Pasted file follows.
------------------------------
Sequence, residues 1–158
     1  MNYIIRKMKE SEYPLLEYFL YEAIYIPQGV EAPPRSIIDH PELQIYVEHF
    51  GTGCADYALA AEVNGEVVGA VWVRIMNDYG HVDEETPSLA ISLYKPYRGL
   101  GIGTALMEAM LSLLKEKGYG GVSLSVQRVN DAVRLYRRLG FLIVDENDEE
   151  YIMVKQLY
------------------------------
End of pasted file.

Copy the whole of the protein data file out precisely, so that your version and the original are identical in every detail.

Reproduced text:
Sequence, residues 1–158
     1  MNYIIRKMKE SEYPLLEYFL YEAIYIPQGV EAPPRSIIDH PELQIYVEHF
    51  GTGCADYALA AEVNGEVVGA VWVRIMNDYG HVDEETPSLA ISLYKPYRGL
   101  GIGTALMEAM LSLLKEKGYG GVSLSVQRVN DAVRLYRRLG FLIVDENDEE
   151  YIMVKQLY